Vic: I really don't know what the truth is. I'm being told that when a receiver attempts to catch a pass as it's being contested by a defender, the receiver must control the ball through the ground or until he spikes it and does a dance or whatever. The whole ground thing is becoming ridiculous and the lateness of whistles is also becoming a major concern. I know why officials are slow on their whistles – so they avoid whistling plays dead and not being able to review them – but slow whistles have introduced other problems. Look at the Steelers-Chargers game. The punt-returner was being held up and mugged until the ball was pulled free. The guy's knee was on a Chargers player who was on the ground; he couldn't get to the ground. The play, however, wasn't whistled dead, as it should've been, and the Chargers were allowed to rip the ball free and return it for a cheap touchdown. In my opinion, Pereira has some work to do, and I think it starts by simplifying everything. Frankly, I don't know who could officiate today's games according to these rules and instructions.
Rodney from Gainesville, FL:
How would you compare David Garrard and Tim Tebow?
Vic: In my opinion, there's no comparison. Garrard is a classic drop-back, pro-style quarterback; Tebow is an option-style, college quarterback. Garrard has a better arm, better mechanics and is a more accurate passer. Tebow is a fantastic runner, but so is Garrard. The big question is: Can Tebow develop his skills to fit the pro game? I don't know the answer to that question but, in my opinion, getting the answer requires taking a risk I wouldn't be willing to accept early in the draft. Again, that's my opinion.
James from Jupiter, FL:
What is the difference between a strong safety and a rover? Is there any advantage or disadvantage by having a rover?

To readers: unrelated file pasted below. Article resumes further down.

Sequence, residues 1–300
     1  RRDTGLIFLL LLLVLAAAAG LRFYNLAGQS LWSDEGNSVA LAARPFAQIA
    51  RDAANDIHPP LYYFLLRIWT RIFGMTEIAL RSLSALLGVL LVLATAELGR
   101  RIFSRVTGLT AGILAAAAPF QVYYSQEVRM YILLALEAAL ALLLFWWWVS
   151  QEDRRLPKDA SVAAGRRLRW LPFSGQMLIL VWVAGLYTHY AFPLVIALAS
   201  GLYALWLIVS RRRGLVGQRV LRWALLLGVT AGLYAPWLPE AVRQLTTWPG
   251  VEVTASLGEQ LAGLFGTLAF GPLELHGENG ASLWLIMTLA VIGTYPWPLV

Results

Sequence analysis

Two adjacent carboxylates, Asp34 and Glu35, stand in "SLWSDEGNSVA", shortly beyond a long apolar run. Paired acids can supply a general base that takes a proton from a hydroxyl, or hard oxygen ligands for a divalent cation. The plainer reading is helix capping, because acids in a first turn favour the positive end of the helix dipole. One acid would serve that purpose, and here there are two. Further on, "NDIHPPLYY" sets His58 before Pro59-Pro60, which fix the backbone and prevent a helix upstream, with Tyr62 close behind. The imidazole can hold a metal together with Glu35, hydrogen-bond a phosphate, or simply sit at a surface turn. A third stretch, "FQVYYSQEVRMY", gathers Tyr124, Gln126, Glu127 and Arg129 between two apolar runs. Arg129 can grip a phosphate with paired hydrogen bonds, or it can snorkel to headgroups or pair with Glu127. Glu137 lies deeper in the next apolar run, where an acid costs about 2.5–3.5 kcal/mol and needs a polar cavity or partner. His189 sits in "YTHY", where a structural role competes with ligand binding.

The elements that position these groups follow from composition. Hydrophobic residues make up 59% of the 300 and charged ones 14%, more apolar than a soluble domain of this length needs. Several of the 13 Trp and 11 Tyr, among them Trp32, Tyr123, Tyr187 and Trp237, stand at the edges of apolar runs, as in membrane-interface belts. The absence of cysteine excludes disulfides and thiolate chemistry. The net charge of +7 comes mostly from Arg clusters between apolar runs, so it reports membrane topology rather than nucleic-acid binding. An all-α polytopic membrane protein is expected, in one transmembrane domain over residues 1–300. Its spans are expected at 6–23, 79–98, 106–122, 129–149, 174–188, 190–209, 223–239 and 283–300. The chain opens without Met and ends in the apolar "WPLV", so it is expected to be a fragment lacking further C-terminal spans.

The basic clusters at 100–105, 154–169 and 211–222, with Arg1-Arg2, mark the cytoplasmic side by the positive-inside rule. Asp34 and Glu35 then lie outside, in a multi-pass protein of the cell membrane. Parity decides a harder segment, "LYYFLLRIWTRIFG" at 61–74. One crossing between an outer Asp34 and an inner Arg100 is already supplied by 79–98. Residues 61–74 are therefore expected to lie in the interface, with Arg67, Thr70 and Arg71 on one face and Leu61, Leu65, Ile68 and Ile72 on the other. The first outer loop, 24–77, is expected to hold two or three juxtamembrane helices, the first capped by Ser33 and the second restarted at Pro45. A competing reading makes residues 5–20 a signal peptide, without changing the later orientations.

Vic: There's really no difference. Call him a rover or monster or hero or wolfman or whatever, the bottom line is he's a safety being used as the eighth man in the box, just as safeties are in the pro game. The college game actually took the lead on inventive uses of the safety. Because the college game was more of a running game than pro football, it could employ a safety, usually the strong safety, in the rover role and not worry about getting burned in the passing game. The pro game needed both safeties in the passing game more, but then came the zone-blitz and that caused a fever for creative ways to use safeties.
Reggie from Jacksonville:
Are you also leaving early on Friday for Seattle to get used to the time change?
Vic: Absolutely I will. It's going to be strange watching college football at nine o'clock in the morning and I need to get prepared.
Jason from Irvine, CA:
For the record, I did get the Limbaugh response and that small laugh got me through the rest of a very boring class. Please keep up the lightheartedness. That's when I think this column's at its best.
Vic: Yeah, but you're just another one of those bleeding-heart, pinko, California liberals.
John from Jacksonville Beach, FL:
When I drive to work every morning, I see the Jaguars billboard with Derrick Harvey and the three linebackers pointing to an empty seat. The message to me, a season ticket holder since day one, is a negative. Replace those four players with Jaxson, a cheerleader, MoJo. Then in the background, show me a collage including t-shirt cannons, fireworks, a flyover, the giant American flag, a crazy mascot, dancing cheerleaders, a smiling beer man and some crazy fans. Use bright party colors with streamers and confetti and show the low ticket price of $39.99 (but I'd find a way to make it $29.99 or $19.99). Make it worthy of Orlando-type hype and then also stick the ad in Orlando, Daytona, Tallahassee, etc. What does the sign now say? It puts a smile on my face every morning as I drive to work and think about the wonderful game-day experience the Jaguars provide. To the non-ticket holder, it constantly reminds them of the great entertainment they're missing. How a marketing department could not do better on this is beyond me and most people who know business and know people.
Vic: I'm off to Seattle, folks.